In the post-1980 period, against communism threat state elites took measures. One of them has been the promotion of Turkish-Islam Synthesis ideology. This was a right-wing ideology. According to Çiler Dursun (2004), the idea of the Turkish-Islamic Synthesis combines the concepts of nationalism and Islamism on the basis of Muslim identity.

The 1990s saw the rise of identity politics and an Islamist Party (Welfare Party) was the coalition partner in the mid-1990s. However due to its Islamic policies (the mainstream media and secularist academics and journalists reflected the reason as this) the army forced the government to resign during the post-modern coup process.

After 2002, with AK Party rule especially with the lift of headscarf ban in 2013 and Alevi opening which started in 2007, a certain degree of liberalization was realized in secularism policies. I argue that for almost a decade, important steps were taken in the path to a more liberal state-religion relationship. However this is not sufficient for a better working democracy. The Alevi citizens’ demands such as the reformation of the Directorate of Religious Affairs have not been satisfied.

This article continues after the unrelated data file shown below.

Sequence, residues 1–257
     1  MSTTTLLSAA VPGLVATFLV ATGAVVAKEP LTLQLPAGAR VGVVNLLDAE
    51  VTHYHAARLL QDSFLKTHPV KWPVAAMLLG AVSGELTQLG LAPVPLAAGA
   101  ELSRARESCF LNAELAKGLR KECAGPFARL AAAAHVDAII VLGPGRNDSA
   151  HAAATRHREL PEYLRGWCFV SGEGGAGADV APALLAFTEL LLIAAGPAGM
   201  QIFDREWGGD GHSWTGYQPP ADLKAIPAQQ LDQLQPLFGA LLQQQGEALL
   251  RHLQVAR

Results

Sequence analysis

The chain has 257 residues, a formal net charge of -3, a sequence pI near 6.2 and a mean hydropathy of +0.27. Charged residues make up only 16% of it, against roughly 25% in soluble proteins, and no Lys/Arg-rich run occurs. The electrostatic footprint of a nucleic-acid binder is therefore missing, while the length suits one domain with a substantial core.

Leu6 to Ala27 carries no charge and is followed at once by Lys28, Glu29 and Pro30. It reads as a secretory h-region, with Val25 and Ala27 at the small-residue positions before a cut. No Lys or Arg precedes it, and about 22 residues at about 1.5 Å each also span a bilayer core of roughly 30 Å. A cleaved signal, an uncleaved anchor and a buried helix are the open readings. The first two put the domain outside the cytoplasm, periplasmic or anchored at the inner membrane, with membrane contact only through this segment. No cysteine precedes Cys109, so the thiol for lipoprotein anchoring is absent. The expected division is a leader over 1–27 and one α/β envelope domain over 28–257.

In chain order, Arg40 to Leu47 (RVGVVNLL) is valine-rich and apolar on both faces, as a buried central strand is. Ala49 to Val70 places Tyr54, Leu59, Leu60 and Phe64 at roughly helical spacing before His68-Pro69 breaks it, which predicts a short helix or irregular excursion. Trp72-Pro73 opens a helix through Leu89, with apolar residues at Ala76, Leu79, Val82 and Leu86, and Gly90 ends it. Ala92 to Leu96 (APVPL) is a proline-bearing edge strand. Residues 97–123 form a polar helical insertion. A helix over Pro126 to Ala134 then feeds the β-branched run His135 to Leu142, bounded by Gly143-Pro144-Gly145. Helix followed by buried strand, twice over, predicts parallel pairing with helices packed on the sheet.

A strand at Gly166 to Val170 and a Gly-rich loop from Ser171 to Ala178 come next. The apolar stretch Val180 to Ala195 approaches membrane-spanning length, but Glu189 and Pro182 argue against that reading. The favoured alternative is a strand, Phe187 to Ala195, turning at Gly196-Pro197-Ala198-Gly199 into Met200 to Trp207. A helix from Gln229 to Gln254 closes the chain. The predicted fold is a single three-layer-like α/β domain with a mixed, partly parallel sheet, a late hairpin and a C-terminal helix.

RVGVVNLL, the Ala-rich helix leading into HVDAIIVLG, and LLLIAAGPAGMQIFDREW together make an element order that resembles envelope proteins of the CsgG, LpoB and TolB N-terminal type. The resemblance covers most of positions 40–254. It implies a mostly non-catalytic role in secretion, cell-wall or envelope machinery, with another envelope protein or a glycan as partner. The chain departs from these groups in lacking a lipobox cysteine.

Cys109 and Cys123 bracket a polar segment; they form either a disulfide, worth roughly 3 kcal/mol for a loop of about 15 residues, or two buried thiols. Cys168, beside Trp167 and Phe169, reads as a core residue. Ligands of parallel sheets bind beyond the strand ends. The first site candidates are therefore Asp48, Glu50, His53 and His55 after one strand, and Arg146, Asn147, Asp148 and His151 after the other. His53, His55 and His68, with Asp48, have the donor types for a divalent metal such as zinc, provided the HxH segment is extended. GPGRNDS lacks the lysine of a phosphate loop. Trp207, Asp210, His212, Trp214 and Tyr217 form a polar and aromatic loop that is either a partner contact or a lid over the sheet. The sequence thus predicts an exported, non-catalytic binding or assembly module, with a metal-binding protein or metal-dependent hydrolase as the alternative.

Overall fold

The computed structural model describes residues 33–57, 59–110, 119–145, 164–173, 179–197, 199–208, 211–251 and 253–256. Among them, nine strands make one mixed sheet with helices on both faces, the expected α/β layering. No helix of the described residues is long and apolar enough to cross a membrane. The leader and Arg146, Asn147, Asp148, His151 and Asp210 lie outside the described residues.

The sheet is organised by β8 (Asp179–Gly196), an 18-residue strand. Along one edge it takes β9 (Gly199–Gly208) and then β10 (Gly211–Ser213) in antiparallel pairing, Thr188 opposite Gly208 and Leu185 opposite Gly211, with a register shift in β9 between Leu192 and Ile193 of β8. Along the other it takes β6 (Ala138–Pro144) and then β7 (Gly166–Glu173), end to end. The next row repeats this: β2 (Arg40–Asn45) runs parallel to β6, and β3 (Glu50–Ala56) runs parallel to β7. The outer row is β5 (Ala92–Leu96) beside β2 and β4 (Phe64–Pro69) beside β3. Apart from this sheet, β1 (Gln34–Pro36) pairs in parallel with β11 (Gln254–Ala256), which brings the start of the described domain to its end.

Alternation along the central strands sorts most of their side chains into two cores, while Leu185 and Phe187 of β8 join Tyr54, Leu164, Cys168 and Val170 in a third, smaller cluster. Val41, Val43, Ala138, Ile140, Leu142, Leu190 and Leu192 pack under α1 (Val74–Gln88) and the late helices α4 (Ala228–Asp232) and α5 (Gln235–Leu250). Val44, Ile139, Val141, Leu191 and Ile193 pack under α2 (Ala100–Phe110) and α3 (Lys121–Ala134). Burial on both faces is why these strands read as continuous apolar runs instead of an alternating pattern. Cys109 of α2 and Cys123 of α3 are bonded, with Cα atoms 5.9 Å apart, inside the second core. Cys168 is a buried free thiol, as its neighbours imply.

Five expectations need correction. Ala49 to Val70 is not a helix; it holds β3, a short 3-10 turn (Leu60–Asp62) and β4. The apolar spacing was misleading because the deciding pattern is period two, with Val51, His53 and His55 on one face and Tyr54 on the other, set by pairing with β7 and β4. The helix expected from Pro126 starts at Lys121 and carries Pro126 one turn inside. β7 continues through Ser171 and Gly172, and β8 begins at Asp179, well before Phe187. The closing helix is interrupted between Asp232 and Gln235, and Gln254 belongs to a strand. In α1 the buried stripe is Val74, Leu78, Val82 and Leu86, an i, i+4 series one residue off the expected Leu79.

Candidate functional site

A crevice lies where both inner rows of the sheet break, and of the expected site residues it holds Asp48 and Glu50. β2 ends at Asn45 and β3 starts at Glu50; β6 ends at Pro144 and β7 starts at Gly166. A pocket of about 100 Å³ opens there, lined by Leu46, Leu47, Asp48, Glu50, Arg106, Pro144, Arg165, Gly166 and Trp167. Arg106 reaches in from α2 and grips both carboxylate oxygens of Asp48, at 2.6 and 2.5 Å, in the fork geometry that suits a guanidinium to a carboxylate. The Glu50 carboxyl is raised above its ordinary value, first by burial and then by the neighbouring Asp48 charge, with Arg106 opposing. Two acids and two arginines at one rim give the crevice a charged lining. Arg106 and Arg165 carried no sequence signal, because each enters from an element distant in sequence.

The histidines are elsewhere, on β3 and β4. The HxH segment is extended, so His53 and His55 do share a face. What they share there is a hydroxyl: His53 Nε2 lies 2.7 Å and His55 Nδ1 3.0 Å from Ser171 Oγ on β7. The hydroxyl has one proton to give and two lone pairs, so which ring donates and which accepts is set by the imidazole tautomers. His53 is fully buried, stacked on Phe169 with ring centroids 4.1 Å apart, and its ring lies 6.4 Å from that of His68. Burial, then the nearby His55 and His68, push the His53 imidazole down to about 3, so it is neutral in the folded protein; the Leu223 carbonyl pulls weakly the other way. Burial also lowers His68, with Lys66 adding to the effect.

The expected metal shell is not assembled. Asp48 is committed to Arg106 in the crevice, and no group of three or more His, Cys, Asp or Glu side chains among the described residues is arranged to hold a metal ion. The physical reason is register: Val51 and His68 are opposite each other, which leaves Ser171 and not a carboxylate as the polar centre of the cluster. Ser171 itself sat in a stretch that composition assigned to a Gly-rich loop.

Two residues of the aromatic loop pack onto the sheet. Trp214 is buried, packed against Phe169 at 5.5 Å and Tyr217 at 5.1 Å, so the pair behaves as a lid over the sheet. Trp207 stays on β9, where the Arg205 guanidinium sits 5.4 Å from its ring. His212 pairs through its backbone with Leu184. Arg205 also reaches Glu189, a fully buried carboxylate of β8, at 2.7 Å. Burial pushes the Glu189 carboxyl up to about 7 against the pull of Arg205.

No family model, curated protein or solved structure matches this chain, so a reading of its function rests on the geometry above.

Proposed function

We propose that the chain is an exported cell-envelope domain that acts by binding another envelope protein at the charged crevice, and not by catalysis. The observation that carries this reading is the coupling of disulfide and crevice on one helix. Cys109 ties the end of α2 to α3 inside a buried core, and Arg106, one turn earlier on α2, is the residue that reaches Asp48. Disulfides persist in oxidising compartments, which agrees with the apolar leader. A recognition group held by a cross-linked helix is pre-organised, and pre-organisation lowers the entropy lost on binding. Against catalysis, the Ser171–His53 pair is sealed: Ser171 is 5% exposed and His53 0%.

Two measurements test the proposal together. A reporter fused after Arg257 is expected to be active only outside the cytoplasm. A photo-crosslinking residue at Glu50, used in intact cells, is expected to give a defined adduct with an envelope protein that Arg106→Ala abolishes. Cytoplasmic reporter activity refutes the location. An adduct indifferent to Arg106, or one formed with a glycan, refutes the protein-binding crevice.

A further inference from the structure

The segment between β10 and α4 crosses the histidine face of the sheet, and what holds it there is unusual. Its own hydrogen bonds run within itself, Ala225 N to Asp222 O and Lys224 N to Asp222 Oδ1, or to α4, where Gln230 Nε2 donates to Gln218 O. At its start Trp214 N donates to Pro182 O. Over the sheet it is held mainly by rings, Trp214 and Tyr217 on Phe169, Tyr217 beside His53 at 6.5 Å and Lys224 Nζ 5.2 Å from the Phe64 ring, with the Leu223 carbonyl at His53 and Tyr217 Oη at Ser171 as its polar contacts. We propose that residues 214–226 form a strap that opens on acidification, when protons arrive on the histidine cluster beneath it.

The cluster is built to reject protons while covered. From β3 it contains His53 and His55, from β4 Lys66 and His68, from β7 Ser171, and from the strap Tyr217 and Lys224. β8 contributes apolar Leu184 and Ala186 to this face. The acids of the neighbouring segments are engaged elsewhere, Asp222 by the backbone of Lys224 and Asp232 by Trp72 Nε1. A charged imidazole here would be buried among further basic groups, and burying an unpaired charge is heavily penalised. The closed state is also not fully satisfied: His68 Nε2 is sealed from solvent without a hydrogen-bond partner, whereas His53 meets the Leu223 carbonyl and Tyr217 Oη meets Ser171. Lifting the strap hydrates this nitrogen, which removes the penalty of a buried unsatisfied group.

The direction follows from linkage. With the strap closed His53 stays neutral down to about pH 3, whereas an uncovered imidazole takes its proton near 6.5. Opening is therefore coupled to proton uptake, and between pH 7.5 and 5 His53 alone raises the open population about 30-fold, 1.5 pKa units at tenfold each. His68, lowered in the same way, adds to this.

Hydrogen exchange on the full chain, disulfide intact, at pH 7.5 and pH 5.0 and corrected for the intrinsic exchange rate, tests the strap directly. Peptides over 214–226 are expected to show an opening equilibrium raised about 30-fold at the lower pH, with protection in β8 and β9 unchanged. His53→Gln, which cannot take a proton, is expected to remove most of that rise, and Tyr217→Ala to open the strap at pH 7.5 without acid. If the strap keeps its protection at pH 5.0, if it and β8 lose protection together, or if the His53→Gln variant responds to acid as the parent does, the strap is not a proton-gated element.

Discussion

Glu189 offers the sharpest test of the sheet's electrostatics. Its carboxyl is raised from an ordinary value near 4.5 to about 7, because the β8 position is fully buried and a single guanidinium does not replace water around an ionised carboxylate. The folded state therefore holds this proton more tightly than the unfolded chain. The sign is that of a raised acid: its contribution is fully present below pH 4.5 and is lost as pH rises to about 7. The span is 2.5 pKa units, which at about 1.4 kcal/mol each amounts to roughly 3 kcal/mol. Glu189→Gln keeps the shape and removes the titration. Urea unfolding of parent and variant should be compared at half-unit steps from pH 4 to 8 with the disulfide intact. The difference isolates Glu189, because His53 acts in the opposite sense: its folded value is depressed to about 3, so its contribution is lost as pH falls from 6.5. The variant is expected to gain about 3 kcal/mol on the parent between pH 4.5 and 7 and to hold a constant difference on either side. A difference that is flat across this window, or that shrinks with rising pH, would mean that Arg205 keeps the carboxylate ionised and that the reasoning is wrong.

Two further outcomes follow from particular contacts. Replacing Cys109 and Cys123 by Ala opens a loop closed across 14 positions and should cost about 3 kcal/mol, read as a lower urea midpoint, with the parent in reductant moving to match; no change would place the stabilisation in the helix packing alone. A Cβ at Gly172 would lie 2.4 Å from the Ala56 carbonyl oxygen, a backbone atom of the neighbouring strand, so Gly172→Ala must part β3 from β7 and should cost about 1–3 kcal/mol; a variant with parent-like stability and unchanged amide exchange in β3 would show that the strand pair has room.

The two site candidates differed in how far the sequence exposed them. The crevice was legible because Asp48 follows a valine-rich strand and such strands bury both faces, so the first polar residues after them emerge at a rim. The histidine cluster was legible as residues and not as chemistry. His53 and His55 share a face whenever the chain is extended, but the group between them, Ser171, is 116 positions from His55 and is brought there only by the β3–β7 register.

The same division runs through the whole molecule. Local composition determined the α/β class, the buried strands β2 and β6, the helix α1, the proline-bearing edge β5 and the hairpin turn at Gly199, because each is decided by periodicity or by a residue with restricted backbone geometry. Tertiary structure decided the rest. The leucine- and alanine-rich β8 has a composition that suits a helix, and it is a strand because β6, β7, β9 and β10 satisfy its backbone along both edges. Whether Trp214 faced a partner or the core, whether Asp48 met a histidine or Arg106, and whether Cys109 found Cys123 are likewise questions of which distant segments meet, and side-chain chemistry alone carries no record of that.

In one of my articles I wrote the following:


“… [t]he state policies and practices toward religion constitute a major problem in the consolidation of democracy today, although a considerable degree of development has been achieved in order to make these practices more compatible with democratic procedures. Turkey must have an appropriate balance between religion and secularism. It is noteworthy that, compared to past decades, Turkey has made a considerable amount of progress making its understanding of secularism understanding more harmonious with her democracy. In the previous decades, Turkey had adopted a specific kind of laicism that is the Kemalist understanding of laicism in its relationship with religion. This Kemalist understanding of laicism is both authoritarian and undemocratic”


To summarize, it can be said that the historical background of Turkey saw the adoption of a strict secular(ist) understanding. This understanding has neglected the religion-oriented pluralism in society. However, for more than a decade, this strict interpretation of secularism has been challenged and passive secularism has started to dominate Turkish political scene.

In my next article, I will try to address the media-politics relationship in Turkey and how this relationship transformed over time and shaped democratic processes.


Cited resources


Arslanbenzer Hakan, 2019, Abdullah Cevdet: Eccentric, strange and misunderstood Abdullah Cevdet: Eccentric, strange and misunderstood | Daily Sabah (8.2.2021)


Burak, Begüm, 2011, Can Secularism Hinder Democracy? The Turkish Experiment, begum-burak.pdf ( (8.2.2021)

Dursun, Çiler, 2004, Türk-İslam Sentezi İdeolojisi ve Öznesi [The Ideology of Turkish-Islamic Synthesis and Its Subject]. Doğu Batı, Year: 7, (25).


Kuru, Ahmet, 2009, Secularism and State Policies toward Religion: The United States, France, and Turkey, Cambridge University Press.